While looking for new viruses in an artificial lake in Brazil, an international team of researchers made an unexpected discovery.
Among the giant viruses they found infecting the lake's amoeba population, they also spotted a much smaller specimen. When they analyzed the virus' genome, they discovered that more than 90 percent of its genes had never been recorded by scientists.
In January, the researchers published a paper on the preprint server bioRxiv detailing their analysis of the new virus, which they named the Yaravirus after Yara, the "mother of waters" in the mythology of the Tupi-Guarani indigenous tribes in Brazil.
The team found the Yaravirus in Lake Pampulha in Belo Horizonte, and after sequencing its genome, they discovered that only six of its genes even slightly resembled viral genes previously recorded in public databases — the other 68 genes were completely new.
The discovery of an almost wholly unique virus might seem particularly worrisome right now given that another new virus — the 2019 novel coronavirus — has killed 910 people since it began spreading across the planet in December.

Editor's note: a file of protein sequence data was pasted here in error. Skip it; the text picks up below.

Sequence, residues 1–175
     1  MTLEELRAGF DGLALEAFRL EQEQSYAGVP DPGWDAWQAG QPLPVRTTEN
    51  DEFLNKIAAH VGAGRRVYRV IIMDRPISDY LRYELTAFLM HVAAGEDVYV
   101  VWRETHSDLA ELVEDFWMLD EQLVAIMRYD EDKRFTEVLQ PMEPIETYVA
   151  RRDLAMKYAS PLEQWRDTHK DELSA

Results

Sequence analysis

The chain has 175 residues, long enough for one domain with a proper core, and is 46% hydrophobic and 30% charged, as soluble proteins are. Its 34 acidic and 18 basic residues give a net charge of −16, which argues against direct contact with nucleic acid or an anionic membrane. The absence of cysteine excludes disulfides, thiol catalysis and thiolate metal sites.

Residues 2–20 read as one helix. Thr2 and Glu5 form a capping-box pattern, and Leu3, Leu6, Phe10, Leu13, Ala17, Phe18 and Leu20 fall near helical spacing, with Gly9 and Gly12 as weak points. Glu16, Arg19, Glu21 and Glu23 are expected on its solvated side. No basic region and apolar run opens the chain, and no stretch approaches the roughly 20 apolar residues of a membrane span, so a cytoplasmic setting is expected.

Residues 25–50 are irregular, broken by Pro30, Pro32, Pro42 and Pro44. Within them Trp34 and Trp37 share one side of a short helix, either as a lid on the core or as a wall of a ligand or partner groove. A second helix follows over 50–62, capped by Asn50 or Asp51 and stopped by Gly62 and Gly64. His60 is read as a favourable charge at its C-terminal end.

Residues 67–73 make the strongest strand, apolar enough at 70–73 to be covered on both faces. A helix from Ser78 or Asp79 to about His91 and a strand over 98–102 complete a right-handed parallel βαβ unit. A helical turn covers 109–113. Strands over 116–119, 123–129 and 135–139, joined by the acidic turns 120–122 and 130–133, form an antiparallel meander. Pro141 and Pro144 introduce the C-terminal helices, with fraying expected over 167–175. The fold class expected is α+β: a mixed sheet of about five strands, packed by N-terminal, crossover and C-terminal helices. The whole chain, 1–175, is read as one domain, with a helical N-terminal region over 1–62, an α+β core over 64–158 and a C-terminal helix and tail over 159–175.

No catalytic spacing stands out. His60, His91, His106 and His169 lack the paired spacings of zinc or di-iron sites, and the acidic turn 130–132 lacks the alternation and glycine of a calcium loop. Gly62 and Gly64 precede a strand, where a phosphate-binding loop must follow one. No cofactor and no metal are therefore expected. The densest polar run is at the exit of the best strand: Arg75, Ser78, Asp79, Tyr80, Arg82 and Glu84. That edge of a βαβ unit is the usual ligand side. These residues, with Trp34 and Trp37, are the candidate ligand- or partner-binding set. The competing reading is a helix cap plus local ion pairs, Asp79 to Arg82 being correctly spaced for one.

Additionally, while all viruses infect something — they can only replicate while inside a host — researchers only know of about 1,000 viruses that infect people.
The Yaravirus isn't one of those — it infects amoebas — but even if it could infect humans, that wouldn't necessarily make the new virus a threat to our species, as some viruses actually make us healthier.
Ultimately, the importance of Yaravirus' discovery lies mostly in the fact that it expands the wealth of human knowledge into the tiny infectious agents that play a major role in the health of Earth's entire ecosystem — for better and for worse.
READ MORE: Scientists discover virus with no recognizable genes [Science Magazine]
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